Monday, November 14, 2016

Today's Headlines

  • Xi Tells Trump Cooperation ‘Only Choice’ for U.S.-China Ties. (video) Chinese President Xi Jinping told Donald Trump in their first conversation that cooperation was the only correct choice for ties between the world’s two largest economies, with the U.S. president-elect promising “one of the strongest relationships.” Xi told Trump by telephone Monday that the two powers benefited from working together and needed to coordinate efforts to promote global economic growth, state broadcaster China Central Television reported. The pair agreed to meet soon, CCTV said. “China and the U.S. -- as the world’s biggest developing country and the biggest developed country, and the top two global economies -- need to and can cooperate on many issues,” Xi said, according to CCTV. “At this moment, there is an important opportunity and massive potential for China-U.S. cooperation so that both sides need to strengthen coordination.”
  • Trump Hit to Long Bonds Doesn’t Bode Well for Europe’s New Craze. (video) After all the fanfare around European countries selling bonds with the longest-ever maturities, the reaction to Donald Trump’s victory may be a sobering omen. The result of the U.S. presidential election drove up yields on 30-year Treasuries last week by the most since 2009 and bonds from the euro region followed. Securities that mature in half a century or more rather than just years have become the most vulnerable corner of the European market weeks after countries such as Austria and Italy sold them to investors attracted by their higher potential returns in a world of negative rates.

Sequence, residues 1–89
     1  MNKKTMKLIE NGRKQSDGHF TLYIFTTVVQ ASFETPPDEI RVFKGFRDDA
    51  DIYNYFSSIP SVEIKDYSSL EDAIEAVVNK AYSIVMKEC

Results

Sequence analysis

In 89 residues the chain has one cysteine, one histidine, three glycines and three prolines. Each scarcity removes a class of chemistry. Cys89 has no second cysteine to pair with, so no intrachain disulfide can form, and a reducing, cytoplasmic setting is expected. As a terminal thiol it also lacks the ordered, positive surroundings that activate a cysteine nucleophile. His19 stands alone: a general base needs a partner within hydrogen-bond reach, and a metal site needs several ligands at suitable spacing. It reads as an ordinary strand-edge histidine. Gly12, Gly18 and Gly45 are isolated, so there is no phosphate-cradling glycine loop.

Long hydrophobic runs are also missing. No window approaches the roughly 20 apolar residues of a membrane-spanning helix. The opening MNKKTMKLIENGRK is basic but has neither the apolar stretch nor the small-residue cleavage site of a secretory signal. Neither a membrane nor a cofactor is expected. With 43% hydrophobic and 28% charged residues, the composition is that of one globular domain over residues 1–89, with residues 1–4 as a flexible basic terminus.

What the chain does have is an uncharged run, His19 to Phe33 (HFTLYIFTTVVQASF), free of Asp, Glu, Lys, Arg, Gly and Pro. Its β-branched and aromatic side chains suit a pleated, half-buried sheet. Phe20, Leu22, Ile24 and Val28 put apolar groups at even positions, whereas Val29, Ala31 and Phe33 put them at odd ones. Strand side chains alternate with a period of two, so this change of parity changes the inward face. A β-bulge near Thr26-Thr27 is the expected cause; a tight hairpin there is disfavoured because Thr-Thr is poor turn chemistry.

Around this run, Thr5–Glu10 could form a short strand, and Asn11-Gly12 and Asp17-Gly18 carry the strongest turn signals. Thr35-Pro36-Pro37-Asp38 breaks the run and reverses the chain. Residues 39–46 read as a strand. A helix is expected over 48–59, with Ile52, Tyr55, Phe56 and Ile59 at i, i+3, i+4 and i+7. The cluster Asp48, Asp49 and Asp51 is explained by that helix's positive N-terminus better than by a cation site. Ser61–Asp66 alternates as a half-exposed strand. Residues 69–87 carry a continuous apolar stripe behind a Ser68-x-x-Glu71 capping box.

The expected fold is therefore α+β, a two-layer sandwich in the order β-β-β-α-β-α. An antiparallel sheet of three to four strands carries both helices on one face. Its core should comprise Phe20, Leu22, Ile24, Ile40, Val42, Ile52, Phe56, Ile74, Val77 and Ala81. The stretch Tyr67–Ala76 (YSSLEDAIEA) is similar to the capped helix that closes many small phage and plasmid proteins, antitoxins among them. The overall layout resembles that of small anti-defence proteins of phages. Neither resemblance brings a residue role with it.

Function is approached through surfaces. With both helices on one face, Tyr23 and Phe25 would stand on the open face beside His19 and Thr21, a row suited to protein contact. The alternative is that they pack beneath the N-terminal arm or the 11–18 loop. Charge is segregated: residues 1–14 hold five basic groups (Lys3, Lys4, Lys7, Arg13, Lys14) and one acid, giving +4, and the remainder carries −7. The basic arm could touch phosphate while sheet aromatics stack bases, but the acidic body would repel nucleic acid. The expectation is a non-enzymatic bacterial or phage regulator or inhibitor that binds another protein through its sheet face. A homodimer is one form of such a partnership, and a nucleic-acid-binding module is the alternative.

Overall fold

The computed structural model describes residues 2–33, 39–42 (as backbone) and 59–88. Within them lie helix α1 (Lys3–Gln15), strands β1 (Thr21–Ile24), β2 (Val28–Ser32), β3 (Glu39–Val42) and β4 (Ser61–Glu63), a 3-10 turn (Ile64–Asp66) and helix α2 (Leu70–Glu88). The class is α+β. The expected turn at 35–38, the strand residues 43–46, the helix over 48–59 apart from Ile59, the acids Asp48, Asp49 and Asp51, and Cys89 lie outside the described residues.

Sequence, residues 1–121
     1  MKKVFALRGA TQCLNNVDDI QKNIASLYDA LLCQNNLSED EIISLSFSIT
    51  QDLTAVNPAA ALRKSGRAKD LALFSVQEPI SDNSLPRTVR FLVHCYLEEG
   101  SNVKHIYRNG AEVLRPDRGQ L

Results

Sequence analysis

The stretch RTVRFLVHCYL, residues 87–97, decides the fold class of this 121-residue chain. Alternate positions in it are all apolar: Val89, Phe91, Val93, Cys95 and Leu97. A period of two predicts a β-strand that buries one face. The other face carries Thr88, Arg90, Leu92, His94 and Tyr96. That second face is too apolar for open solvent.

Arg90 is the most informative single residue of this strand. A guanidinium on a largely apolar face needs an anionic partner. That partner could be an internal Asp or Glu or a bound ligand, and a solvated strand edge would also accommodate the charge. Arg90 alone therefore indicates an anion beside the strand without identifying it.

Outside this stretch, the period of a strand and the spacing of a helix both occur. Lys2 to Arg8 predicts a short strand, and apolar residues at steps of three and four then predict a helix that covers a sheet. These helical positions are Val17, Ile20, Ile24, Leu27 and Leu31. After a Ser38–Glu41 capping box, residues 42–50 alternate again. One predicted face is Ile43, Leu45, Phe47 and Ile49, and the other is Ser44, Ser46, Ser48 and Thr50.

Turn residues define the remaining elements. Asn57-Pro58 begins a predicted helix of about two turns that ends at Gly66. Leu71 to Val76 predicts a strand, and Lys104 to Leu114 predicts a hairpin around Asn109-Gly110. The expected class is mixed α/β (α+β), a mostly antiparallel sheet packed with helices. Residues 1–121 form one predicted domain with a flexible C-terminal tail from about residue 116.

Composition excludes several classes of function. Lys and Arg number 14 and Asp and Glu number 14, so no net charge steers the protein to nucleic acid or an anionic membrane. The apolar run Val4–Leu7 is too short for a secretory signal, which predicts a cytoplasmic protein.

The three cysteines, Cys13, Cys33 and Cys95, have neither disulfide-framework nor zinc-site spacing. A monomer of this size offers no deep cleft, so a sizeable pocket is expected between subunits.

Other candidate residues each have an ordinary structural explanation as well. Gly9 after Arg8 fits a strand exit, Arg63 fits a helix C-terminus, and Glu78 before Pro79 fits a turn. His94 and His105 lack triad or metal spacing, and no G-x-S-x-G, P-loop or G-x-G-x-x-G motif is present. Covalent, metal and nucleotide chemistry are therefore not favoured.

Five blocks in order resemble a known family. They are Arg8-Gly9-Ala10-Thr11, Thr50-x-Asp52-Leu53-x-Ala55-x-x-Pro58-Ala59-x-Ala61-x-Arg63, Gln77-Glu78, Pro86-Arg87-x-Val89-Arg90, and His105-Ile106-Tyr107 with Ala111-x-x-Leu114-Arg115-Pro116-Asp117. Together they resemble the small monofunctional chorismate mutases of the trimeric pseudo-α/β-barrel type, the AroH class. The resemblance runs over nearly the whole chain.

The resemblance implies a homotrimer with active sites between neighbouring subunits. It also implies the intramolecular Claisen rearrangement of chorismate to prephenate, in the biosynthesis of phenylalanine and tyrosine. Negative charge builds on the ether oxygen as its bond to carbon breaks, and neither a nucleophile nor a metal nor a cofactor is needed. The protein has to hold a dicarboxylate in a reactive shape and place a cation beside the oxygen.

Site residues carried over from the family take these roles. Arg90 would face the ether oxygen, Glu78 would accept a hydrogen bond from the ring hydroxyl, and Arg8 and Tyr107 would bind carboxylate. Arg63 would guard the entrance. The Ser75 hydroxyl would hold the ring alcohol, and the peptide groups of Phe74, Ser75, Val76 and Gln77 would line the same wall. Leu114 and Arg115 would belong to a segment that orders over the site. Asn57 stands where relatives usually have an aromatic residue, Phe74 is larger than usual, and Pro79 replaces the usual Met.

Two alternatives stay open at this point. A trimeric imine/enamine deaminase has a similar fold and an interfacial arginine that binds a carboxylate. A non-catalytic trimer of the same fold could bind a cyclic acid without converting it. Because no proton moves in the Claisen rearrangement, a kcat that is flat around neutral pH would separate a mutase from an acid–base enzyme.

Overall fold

• Emerging-Market Losses Deepen as Dollar Gains; ETF Outflows Rise. (video) Emerging markets extended losses, threatening the best annual rally since 2012, as the dollar’s strength cut demand for riskier assets in the wake of Donald Trump’s U.S. presidential election victory. The Turkish lira, Russia’s ruble and Brazil’s real helped lead declines among developing-market currencies and a gauge of equities retreated for a fourth day amid speculation the U.S. is headed for an era of rising interest rates and protectionist trade policies. Brazil’s bonds tumbled the most among peers. Bulgarian debt fell after voters chose former Air Force Chief Rumen Radev, a political novice who wants to limit immigration and reduce sanctions on Russia, as the new president.
  • Hong Kong Stocks Drop to Three-Month Low as Property Firms Sink. Hong Kong stocks declined, dragging the benchmark index to a three-month low, as property companies tumbled amid concern borrowing costs will rise. The Hang Seng Index lost 1.4 percent to close at its lowest level since Aug. 5. A gauge of real estate companies traded in the city extended their worst week in four years amid speculation a faster pace of U.S. interest-rate hikes under Donald Trump and higher taxes will curb demand for housing.
  • European Stocks Snap Losing Streak to Surge on Trump Growth Bets. (video) Banks and miners again provided the main support to European shares amid continued investor optimism about the benefits of a Donald Trump presidency, even as energy-related share stumbled. UBS Group AG and HSBC Holdings Plc contributed the most to progress as a measure of lenders reached its highest level since January on speculation that Trump may loosen industry regulations. Commodity producers rose as base metals advanced, with Rio Tinto Group and BHP Billiton Ltd. adding at least 2.5 percent. Total SA and Eni SpA led declines among oil companies as crude fell to a three-month low. RWE AG helped drag utilities to the biggest loss on Stoxx Europe 600 Index, sliding 3.5 percent after posting a worse-than-estimated third-quarter loss. The Stoxx 600 added 0.3 percent at the close of trading, after earlier rising as much as 1.3 percent.
  • OPEC Said to Start Final Diplomatic Push to Heal Oil-Cut Divide. OPEC nations embarked on a final diplomatic effort to secure a deal on oil cuts, with Qatar, Algeria and Venezuela leading the push to overcome the divide between the group’s biggest producers, according to a delegate familiar with the talks.